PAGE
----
• Yet another aspect of the present invention relates to a method for detecting presence of a target gas species in an environment susceptible to the presence of same, comprising the steps of:
      • (a) providing an electrical gas sensor element having a catalytic surface that effectuates exothermic or endothermic reactions of the target gas species at elevated temperatures;
      • (b) pre-heating the gas sensor element in an inert environment devoid of the target gas species for a sufficient period of time, so as to reach a steady state;
      • (c) determining electrical resistance Rs of such gas sensor element at the steady state;
      • (d) placing the gas sensor element in the environment susceptible to the presence of the target gas species;
      • (e) adjusting electric power that is supplied to the gas sensor element so as to maintain the electrical resistance of such gas sensor element at Rs; and
      • (f) determining the presence and concentration of the target gas species in the environment susceptible of such gas species, based on the adjustment of electrical power required for maintaining the electrical resistance Rs.
  • Other aspects, features and embodiments of the invention will be more fully apparent from the ensuing disclosure and appended claims.
  • BRIEF DESCRIPTION OF THE DRAWINGS
  • FIG. 1 is a diagram illustrating an adaptive feedback control mechanism that adjusts the electrical current passed through an electrically heated element for maintaining constant resistance operation, according to one embodiment of the present invention.
  • FIG. 2 shows the signal outputs generated by a Xena 5 gas sensor controlled by the adaptive feedback control (AFC) mechanism of FIG. 1, in comparison with signal outputs generated by the same sensor controlled by a conventional PID mechanism, in the presence of NF3 gas at various flow rates (100 sccm, 200 sccm, 300 sccm, and 400 sccm).
  • FIG. 3 shows the expanded signal outputs generated by the Xena 5 gas sensor of FIG. 2, in the presence of NF3 gas at a flow rate of 300 sccm.
  • DETAILED DESCRIPTION OF THE INVENTION AND PREFERRED MBODIMENTS THEREOF
  • U.S. patent application Ser. No. 10/273,036 for “APPARATUS AND PROCESS FOR SENSING FLUORO SPECIES IN SEMICONDUCTOR PROCESSING SYSTEMS” filed on Oct. 17, 2002 and Ricco et al. U.S. Pat. No. 5,834,627 is hereby incorporated by reference in its entirety for all purposes.
  • The term “steady state” as used herein refers to a state where the heating efficiency and the ambient temperature surrounding the electrically heated element are stable, and where the rate of temperature change on such heated element equals about zero.
  • The term “thermal mass” as used herein is defined as the product of specific heat, density, and volume of said electrically heated element.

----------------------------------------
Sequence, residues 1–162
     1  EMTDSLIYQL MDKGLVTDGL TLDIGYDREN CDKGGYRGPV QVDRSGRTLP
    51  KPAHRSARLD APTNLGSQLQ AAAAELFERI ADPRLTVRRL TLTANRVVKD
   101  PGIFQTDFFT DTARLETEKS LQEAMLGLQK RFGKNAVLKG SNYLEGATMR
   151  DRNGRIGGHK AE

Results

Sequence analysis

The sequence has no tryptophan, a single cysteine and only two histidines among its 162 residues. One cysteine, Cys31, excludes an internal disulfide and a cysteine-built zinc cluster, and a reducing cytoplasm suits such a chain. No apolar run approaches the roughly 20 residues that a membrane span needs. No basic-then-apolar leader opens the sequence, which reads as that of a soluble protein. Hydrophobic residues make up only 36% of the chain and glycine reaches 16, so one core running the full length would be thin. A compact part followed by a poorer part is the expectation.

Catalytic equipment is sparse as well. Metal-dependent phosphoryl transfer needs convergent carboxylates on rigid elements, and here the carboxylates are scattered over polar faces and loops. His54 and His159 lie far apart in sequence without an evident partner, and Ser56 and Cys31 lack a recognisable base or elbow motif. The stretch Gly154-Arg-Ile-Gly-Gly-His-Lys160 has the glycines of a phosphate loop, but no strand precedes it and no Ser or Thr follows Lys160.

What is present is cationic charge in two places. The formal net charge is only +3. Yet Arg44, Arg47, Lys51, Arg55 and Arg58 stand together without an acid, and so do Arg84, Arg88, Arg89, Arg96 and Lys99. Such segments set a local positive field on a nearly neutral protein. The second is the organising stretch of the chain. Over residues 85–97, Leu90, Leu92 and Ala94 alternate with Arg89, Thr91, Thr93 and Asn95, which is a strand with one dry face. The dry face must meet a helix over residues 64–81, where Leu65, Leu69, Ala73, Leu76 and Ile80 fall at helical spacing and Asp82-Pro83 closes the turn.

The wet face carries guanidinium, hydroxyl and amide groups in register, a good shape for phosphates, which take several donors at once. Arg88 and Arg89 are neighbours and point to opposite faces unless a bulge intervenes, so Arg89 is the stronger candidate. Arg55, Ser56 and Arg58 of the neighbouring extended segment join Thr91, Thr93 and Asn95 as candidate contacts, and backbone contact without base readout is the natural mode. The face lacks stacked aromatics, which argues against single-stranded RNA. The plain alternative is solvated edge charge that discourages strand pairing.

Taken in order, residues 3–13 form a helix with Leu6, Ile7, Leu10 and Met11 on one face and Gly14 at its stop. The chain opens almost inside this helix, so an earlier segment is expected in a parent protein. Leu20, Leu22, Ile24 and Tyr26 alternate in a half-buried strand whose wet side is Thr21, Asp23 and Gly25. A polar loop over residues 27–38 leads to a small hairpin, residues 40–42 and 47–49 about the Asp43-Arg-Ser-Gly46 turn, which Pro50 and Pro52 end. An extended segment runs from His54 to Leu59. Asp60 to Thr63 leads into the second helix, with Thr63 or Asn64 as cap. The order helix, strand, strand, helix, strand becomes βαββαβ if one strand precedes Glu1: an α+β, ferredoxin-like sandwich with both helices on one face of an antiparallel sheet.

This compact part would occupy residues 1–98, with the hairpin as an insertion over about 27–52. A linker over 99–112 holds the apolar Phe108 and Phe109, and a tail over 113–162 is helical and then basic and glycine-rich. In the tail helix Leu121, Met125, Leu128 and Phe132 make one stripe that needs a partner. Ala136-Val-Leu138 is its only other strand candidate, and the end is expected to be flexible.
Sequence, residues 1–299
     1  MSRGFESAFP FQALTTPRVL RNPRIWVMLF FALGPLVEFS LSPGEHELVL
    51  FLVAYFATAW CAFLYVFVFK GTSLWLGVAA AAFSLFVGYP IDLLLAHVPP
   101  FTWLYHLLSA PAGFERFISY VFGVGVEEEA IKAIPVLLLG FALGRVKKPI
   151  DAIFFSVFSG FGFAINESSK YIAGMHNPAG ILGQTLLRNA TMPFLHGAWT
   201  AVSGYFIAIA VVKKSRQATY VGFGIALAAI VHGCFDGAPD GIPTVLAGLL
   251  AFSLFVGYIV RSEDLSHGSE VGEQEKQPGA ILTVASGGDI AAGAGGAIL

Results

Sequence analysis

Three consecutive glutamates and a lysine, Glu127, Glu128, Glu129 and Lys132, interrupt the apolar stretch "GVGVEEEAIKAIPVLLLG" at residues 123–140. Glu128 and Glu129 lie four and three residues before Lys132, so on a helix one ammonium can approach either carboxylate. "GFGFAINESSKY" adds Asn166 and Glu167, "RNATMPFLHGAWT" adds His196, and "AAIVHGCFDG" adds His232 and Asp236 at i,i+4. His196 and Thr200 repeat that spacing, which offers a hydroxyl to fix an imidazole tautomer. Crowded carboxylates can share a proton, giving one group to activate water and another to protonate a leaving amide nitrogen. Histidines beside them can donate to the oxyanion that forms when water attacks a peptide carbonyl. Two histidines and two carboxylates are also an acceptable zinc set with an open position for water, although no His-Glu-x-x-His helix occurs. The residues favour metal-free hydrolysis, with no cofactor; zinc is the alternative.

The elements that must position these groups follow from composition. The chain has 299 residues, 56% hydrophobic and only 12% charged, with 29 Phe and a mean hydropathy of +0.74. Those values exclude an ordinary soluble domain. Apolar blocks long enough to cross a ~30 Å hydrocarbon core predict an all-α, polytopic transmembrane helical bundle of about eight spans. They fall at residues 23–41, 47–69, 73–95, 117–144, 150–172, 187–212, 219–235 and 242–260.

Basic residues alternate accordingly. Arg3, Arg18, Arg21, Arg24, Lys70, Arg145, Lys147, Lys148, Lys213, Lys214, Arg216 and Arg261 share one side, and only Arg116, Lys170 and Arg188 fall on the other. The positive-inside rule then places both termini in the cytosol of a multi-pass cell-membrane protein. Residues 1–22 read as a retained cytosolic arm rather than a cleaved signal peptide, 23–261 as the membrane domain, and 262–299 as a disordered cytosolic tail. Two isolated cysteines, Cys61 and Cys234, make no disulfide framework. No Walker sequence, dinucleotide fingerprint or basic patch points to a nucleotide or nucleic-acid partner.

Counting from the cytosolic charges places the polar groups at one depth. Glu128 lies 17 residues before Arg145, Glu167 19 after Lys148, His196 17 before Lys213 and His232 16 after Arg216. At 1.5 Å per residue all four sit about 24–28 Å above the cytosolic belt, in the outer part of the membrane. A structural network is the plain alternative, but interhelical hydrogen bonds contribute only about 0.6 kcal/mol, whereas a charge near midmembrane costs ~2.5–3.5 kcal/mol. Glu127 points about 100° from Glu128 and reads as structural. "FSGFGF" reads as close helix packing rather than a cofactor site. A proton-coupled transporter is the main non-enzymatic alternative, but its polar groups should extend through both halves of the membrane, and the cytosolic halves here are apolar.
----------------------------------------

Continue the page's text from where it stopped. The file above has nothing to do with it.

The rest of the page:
• The term “specific heat” as used herein refers to the amount of heat, measured in calories, required to raise the temperature of one gram of a substance by one Celsius degree.
  • In constant resistance operation, the feedback control mechanism is aimed at maintaining the heated element at constant resistance, irrespective of variations in joule heating or power perturbation in the surrounding environment.
  • Due to a well-defined resistance-temperature correlation for electrically heated elements, electrical resistance directly correlates with the temperature of such elements, and vice versa, according to the following equation:
    R=R 0 ·└l+α p(T−T 0)┘
    where R0 is the standard electrical resistance of the element measured at a reference temperature T0, αp is the temperature coefficient of electrical resistance of such element. The above equation describes the linear dependence of temperature over the electrical resistance.
  • In the situation when variations in the heat loss mechanism and ambient temperature are negligible, a constant power flux on the element results in a constant temperature and therefore a constant electrical resistance, and the system reaches the steady state.
  • However, when the power flux on the element fluctuates, for example due to exothermic or endothermic chemical reactions of such element with a gas species in the surrounding environment, the temperature and the electrical resistance of such element change correspondingly. In order to maintain constant resistance operation, it is necessary to adjust the electrical power supplied to such element to compensate for the fluctuation in the total power flux experienced by such element.
  • A set of adaptive feedback control (AFC) algorithms are provided herein for determining the amount of electrical power adjustment required for maintaining the constant resistance operation of such electrically heated element, based on either physical parameters of such element or parameters that can be measured in real time during the operation. The AFC algorithms of the present invention do not contain any parameters that have to be determined by empirical testing or tuning; therefore, re-tuning of such algorithms is not necessary when the controlled element itself or the operating conditions change, which significantly reduces the system adjustments required, in comparison with the convention PID algorithms.
  • In general, the differential equation governing the temperature responses of an electrically heated element is: T t = η · W - ( T - T a ) τ = η · ( I 2 R + W perturbation ) - ( T - T a ) τ A